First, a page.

AVC: Production had several of the sequels going on at the same time. Was post like that, or was your work just on The Way Of Water? Or have you started on any of the others at the same time?

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ES: We’ve really just done [The Way Of Water] at this stage. When we shot live action, we shot part 2, and 3, and the first act of 4, mainly because Jack [Champion, who plays Spider] grew like a tree over the course of this, so he shot up quite a lot, and we really wanted to make sure we got Jack’s size to be consistent across all the movies. We’ve gotten some of 3 to work on, but we’re really concentrating on 2, to get that right.

AVC: Given that you have the technology to de-age Sigourney Weaver into a teenager, does it really matter too much if Jack has a growth spurt? Could you digitally “de-spurt” him if you needed to?

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ES: Well, the reality, yes. But it would be better to have Jack’s performance as Jack. The more you screw with someone’s face, the more “botox” they look. You’re gonna lose the subtleties of their performance, so you really don’t want to do that too much. So with Sigourney, because she was a full CG character, we were able to take her performance and translate it, and use reference from when Sigourney was 18, because she’s been onscreen for so long, we have a lot of performance of her, so we have great reference of things that her face would have done then that it might not do now.

Avatar: The Way of Water | Acting in The Volume

AVC: Is Spider always Jack, or was there a CG double ever created for him?

ES: There’s a couple scenes where he’s doing things that we really couldn’t get a 16-year-old kid to do—falling down cliffs, and things like that, but for the most part it’s Jack, or, there’s a couple scenes with a double, just where you don’t want to put your main actor through certain stunts.

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DB: Just like in any other film, he has a stunt double. And there are shots in there with digi-double versions of Spider, but in those cases it would either be that we’ve done it to help with integration, and we’ve match-moved Jake’s performance from the day, so his body looks exactly the same, or it’s that earlier the performance capture was done with Jack in a suit, and then later the live-action was done with Jack in his costume and makeup. There’s plenty of digital versions of him, but on the whole, it’s Jack.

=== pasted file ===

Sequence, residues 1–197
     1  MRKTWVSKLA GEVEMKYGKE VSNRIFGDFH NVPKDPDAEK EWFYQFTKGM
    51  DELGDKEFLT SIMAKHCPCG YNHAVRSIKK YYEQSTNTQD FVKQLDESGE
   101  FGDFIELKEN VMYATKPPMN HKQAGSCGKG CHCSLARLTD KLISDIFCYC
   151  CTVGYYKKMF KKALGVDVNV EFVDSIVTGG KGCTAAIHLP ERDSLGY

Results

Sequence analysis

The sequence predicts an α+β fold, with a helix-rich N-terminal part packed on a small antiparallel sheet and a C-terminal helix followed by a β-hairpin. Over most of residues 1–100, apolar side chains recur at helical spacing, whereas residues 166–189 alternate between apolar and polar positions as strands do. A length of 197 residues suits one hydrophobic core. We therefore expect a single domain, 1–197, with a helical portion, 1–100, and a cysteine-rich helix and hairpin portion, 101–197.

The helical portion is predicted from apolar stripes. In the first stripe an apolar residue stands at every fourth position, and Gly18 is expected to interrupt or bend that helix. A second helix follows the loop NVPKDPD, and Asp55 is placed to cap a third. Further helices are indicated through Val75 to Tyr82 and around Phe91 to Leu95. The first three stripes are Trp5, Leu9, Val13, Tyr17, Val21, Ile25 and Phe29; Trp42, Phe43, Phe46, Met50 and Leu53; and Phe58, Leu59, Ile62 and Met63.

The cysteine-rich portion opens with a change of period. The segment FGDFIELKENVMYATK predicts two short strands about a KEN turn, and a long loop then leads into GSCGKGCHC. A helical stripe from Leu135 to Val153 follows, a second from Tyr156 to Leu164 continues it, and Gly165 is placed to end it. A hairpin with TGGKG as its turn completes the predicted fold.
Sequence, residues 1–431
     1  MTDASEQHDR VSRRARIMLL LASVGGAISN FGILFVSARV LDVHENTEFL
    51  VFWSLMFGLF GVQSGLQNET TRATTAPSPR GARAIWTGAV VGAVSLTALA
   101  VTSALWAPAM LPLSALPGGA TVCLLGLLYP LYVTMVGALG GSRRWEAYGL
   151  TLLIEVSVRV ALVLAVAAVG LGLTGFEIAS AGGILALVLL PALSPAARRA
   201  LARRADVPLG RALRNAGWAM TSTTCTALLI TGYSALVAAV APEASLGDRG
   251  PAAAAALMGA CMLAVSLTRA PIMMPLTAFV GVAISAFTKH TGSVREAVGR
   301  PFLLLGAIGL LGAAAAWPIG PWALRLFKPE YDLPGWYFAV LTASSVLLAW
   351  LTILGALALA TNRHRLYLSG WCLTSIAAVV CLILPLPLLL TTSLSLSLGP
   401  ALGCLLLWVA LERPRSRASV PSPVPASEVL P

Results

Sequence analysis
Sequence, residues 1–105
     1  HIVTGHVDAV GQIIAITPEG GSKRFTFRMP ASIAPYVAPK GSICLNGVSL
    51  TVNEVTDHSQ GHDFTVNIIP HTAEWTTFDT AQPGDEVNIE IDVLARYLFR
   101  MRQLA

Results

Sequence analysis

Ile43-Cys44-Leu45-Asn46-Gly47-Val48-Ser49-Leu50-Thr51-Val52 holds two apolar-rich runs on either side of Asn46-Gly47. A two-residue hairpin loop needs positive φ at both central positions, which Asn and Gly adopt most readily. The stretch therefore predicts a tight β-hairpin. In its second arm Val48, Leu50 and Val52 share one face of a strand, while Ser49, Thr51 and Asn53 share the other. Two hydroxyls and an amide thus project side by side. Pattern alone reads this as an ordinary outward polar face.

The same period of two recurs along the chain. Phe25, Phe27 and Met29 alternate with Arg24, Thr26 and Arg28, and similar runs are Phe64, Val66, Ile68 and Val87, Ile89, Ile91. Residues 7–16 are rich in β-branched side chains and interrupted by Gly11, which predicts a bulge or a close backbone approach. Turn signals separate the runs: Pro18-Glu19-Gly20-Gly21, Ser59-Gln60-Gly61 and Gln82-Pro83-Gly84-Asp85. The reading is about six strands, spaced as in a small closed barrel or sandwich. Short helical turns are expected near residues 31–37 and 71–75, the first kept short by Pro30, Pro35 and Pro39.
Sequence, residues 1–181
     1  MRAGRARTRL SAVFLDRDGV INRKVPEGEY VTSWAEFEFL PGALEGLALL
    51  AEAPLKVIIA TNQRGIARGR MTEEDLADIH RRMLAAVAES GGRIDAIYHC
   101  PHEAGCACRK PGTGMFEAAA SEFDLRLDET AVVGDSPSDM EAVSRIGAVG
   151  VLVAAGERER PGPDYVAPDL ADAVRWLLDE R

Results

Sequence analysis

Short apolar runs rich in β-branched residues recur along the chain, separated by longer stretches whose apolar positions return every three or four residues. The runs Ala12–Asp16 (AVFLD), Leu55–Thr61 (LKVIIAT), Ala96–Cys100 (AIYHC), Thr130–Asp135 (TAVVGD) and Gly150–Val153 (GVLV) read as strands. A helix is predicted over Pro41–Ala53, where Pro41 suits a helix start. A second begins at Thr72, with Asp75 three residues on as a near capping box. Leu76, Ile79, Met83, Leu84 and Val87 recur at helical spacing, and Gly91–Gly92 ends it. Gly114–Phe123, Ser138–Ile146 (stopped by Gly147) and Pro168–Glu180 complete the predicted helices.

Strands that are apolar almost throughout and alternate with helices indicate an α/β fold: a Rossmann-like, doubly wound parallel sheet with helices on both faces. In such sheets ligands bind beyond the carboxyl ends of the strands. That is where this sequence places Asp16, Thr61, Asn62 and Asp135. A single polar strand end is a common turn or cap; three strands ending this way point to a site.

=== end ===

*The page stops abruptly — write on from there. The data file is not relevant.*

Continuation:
AVC: We’ve all seen behind-the-scenes footage of when actors play taller CG characters, like She-Hulk, and they have reference faces on posts above their head. When they’re playing smaller CG characters, like Sigourney, what does that look like? How do you get the eyelines?

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ES: Well, Kiri’s actually seven and a half feet tall. That’s the thing that you don’t think about when you’re watching these movies. She’s quite a lot taller than Sigourney was, and to interact with Spider, because we didn’t actually have anyone for him to interact with on set, we had a new thing, a fly-by wire camera. Basically from sporting events, you see that camera that’s flying overhead, over NFL games. We had a very similar setup, where we had the wire cameras over set, and hanging off that, off a pole, we basically had a very small HD monitor, and we had Sigourney’s performance on that monitor, and it tracked to the location of where the performance was that Sigourney did, so that when Jack was there interacting with Sigourney, he had an eyeline to where Sigourney was supposed to be from the performance, moving around set and with Sigourney’s face on it, so he had something to interact with for timing, for dialogue, all those things.

DB: Yeah, because the performance happened before the live-action shoot, it was a very accurate eyeline. The screen would move exactly where the CG head of Kiri was ultimately going to be.